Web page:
Shares of Amazon, Microsoft and Salesforce.com have been red hot for the past couple of years. Why? Two words: The cloud. Cloud services is the hottest trend in tech. The real question is, are cloud computing stocks really worth outlandish multiples, or is this just another massively overhyped tech trend or, God forbid, a bubble.
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Amazon is up a whopping 138% over that period – not because it’s the biggest online retailer in the U.S., but because its Amazon Web Services cloud business dominates the market. Never mind that AWS accounts for just 7% of the company’s sales. It’s the cloud, stupid. The cloud drives profits.
Funny thing is, Amazon investors never gave a hoot about profits before. On the rare occasion that the company actually makes money, net income is miniscule and the stock trades at triple-digit P/E multiples, as it does today. Suddenly, profits matter, but just cloud profits. Retail profits, not so much. That makes no sense.
Microsoft’s stock languished for a decade under Steve Ballmer, but since Satya Nadella took the reins and declared the software giant to be a “mobile-first, cloud-first” company, shares have skyrocketed 50%. Microsoft’s cloud computing platform Azure is still relatively small, but unlike its other businesses, at least it’s growing.
Meanwhile, companywide sales and profits have been down for years, but investors are still excited. Why? You guessed it: the cloud.
There’s just one problem with this scenario. When everyone figures out that the cloud has serious limitations and suddenly the next big thing is a hybrid model with many applications and services migrating closer to the edge, otherwise known as “the fog,” the cloud will become the kiss of death.
You’ll see; it will happen. It happens every time. Every hot tech trend is the next big thing … until it isn’t.
Remember when dot-com was all the rage. Pets.com. Kozmo.com. eToys.com. Go.com. Those companies raised hundreds of millions of dollars in venture capital and went public on lousy fundamentals. And when the bubble burst, any company with a “.com” in its name was suddenly toxic, whether it had a solid business model or not.
They say a rising tide lifts all boats. When the dot-com bubble burst, every internet boat suddenly sprung a leak. The same thing will happen when the market turns on cloud stocks; mark my words.
Of course, the next big thing to take advantage of all those data centers in the cloud is the Internet of Things (IoT): a web of interconnected, smart sensor networks that automatically transmit data to the cloud for super-efficient decision-making by humans and machines. Everything will be smart, connected and automated.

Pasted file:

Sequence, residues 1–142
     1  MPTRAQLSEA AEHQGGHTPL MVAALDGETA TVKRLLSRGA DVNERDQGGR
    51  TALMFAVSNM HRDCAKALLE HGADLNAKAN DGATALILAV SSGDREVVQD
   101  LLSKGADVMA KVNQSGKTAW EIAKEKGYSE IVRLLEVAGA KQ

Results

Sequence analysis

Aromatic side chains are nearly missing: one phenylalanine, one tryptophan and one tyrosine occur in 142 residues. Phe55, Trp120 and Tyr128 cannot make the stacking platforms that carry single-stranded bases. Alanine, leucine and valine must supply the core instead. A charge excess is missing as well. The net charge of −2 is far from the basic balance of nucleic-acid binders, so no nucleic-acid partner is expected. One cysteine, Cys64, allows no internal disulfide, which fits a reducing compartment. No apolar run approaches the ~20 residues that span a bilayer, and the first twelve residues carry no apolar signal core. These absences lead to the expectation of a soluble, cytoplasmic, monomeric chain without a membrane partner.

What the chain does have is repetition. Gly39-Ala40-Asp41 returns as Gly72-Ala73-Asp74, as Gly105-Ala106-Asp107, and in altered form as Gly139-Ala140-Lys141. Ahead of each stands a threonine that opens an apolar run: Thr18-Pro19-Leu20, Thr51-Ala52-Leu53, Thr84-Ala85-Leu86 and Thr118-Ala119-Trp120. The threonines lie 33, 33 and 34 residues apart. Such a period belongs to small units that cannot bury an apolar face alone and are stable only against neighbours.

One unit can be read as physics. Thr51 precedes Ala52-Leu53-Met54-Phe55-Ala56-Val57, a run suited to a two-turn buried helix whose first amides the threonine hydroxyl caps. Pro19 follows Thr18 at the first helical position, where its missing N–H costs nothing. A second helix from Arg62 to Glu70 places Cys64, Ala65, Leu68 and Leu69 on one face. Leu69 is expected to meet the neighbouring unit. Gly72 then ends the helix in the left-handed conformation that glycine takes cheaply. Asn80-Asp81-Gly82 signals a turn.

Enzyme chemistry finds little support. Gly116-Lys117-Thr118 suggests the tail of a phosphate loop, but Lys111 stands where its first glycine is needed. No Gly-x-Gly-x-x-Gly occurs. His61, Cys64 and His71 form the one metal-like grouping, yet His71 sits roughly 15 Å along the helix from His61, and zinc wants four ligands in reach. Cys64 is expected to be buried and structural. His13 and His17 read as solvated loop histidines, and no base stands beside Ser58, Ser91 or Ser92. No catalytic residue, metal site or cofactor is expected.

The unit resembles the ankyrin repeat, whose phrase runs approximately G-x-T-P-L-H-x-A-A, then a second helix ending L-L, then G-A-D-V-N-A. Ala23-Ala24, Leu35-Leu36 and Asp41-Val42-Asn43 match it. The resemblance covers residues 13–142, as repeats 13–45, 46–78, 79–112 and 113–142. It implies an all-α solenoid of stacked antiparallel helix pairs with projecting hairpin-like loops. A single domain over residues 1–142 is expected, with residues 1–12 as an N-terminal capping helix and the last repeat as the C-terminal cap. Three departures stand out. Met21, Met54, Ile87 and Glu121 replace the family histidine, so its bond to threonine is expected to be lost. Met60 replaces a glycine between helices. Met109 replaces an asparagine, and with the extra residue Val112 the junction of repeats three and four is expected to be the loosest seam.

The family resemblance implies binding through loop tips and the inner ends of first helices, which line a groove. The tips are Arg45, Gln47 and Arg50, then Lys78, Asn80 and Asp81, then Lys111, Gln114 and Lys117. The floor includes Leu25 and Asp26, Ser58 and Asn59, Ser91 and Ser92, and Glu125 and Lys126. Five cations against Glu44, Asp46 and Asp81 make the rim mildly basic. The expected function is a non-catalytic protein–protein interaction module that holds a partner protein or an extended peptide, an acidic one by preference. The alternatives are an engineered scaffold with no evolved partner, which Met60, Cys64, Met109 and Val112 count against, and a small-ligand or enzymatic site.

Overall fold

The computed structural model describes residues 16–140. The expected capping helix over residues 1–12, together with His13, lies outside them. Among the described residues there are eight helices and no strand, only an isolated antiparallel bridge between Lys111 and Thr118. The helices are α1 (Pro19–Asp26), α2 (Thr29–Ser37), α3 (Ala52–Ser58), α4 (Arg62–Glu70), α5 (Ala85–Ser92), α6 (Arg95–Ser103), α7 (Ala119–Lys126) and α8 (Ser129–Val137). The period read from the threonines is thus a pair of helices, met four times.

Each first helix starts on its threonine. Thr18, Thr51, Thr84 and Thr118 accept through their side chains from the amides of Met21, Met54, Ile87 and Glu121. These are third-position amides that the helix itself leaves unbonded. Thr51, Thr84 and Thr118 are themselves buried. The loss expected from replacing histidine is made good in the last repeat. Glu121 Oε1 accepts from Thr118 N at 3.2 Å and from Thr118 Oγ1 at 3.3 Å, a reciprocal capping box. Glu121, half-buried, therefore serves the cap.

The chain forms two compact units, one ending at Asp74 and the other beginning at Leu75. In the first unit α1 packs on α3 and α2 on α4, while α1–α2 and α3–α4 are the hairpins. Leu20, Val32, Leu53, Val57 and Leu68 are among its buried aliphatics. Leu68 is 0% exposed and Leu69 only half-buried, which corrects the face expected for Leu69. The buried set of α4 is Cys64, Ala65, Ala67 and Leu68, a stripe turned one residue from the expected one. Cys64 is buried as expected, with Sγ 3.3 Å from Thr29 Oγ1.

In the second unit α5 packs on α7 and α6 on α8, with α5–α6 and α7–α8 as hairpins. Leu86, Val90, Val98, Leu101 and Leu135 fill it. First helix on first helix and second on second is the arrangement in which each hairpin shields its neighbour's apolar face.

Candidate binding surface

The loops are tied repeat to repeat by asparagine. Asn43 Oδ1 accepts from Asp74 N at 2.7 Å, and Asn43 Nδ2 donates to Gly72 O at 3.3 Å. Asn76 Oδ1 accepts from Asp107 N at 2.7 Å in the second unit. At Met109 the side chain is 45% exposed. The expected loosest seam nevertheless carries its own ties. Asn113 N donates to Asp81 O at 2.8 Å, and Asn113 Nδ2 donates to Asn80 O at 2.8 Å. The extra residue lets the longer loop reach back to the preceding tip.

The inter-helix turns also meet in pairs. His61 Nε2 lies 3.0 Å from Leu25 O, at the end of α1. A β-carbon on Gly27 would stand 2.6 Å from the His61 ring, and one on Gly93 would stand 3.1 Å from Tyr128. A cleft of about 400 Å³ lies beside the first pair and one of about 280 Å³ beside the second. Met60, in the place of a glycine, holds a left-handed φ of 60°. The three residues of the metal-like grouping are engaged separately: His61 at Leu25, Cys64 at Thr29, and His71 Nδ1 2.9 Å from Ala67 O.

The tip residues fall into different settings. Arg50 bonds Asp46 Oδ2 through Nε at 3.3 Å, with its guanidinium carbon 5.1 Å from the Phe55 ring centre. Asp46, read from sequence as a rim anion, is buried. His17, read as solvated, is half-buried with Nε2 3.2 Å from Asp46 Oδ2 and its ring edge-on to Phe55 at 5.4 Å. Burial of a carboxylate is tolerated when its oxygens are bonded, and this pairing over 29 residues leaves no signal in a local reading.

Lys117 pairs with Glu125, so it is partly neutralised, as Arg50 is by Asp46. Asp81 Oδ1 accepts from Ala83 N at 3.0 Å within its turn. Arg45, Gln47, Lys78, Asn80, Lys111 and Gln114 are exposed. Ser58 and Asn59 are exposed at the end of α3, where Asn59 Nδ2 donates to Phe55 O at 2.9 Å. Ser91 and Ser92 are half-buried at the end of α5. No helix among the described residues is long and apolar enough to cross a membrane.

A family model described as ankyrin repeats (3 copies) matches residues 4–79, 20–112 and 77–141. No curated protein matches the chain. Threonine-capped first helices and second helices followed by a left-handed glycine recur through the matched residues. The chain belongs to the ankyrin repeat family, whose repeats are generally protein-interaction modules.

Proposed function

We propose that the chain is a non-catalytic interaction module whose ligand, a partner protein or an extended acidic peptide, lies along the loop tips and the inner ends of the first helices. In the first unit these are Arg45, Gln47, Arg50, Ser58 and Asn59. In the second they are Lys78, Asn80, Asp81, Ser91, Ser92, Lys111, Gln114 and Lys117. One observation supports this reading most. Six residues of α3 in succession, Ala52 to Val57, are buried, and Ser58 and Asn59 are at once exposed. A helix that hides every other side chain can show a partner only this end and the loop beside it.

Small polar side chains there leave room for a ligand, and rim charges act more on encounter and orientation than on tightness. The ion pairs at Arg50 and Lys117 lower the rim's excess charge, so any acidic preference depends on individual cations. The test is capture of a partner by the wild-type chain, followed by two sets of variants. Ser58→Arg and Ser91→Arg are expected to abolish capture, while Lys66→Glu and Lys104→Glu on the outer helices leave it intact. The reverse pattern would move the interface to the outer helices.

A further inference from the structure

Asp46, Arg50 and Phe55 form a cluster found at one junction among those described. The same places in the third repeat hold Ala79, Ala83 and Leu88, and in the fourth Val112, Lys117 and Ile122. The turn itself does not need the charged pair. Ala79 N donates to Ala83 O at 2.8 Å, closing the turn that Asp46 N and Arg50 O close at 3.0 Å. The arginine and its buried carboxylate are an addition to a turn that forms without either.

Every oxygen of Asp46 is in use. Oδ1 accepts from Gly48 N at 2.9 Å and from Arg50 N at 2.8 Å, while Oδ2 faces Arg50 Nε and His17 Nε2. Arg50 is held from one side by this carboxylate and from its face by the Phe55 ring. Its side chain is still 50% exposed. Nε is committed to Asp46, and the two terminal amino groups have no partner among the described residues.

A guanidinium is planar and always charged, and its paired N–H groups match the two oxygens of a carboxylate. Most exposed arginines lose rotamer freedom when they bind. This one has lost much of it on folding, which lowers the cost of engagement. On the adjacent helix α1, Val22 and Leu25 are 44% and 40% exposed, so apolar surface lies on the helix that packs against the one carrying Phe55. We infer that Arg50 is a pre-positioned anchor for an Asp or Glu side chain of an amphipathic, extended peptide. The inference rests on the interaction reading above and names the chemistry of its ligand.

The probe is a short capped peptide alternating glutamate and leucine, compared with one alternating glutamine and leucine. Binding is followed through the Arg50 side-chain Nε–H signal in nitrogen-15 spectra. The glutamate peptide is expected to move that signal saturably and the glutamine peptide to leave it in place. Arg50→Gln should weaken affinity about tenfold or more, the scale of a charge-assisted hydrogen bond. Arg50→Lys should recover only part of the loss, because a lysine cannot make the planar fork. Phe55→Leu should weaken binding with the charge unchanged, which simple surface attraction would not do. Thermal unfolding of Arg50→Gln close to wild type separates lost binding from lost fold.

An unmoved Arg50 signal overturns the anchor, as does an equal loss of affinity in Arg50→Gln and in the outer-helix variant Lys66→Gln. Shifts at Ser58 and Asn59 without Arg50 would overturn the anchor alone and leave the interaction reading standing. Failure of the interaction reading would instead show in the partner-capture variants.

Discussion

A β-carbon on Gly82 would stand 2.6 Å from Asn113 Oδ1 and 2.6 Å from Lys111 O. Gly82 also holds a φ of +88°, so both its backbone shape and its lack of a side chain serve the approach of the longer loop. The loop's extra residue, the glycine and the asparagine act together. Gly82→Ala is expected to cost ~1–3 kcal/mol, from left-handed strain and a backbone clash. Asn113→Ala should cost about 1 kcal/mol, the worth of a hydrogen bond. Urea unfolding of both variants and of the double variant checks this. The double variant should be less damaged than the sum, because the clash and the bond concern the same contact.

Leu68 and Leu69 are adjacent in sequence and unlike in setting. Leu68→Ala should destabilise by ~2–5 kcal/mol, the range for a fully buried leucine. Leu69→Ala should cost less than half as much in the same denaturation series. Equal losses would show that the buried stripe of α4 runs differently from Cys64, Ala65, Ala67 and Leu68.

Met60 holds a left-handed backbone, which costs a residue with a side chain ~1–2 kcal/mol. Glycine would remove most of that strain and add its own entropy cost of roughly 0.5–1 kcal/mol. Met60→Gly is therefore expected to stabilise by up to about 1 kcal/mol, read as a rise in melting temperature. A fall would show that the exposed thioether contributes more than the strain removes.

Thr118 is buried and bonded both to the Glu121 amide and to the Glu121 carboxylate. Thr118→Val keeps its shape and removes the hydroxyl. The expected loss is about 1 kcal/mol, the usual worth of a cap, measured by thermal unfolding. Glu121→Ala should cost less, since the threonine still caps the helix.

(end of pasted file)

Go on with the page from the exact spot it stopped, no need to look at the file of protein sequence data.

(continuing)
Tech companies are beginning to position themselves in the IoT space, but the smart ones are doing so cautiously for one very important reason: the trend is extremely broad and Wall Street has yet to figure out who the winners will be. But that hasn’t stopped everyone from GE and IBM to Cisco and Intel from jumping on the bandwagon.
Intel CEO Brian Krzanich recently made a big splash about the chip giant’s evolution from a PC company to one that “powers the cloud and billions of smart, connected computing devices,” meaning IoT. Unfortunately, the chip giant is not nearly as evolved as its PR would seem to indicate.
For one thing, Intel’s cloud computing platform is little more Xenon processors for servers. Nothing new there. And those billions of smart devices are powered mostly by ARM, which Softbank is acquiring for $32 billion, and a bunch of companies known collectively as ABI (Anyone But Intel).
To be fair, the company that put the silicon in Silicon Valley does have an IoT business, and if you pull out your trusty magnifying glass, you can see that last quarter it was all of 4.7% of revenue, up from 4.1% the previous quarter. At that rate, it’ll be significant about the time Intel decides to drop its core PC processor business, meaning never.
It’s telling that the company once known simply as the world’s biggest chip maker (which it still is) is scrambling to align itself with two hot trends it has yet to deliver on. It shows just how desperate Intel is to stay relevant in a world increasingly dominated by Apple, Google, Amazon and Facebook.
And therein lies the rub. When it comes to tech trends, you can’t just latch onto the hype. You’ve also got to have a credible, differentiated growth strategy behind it. Otherwise, all you’ve really got is hype. And when the market turns, as it inevitably does, all you’ll have left is bupkis.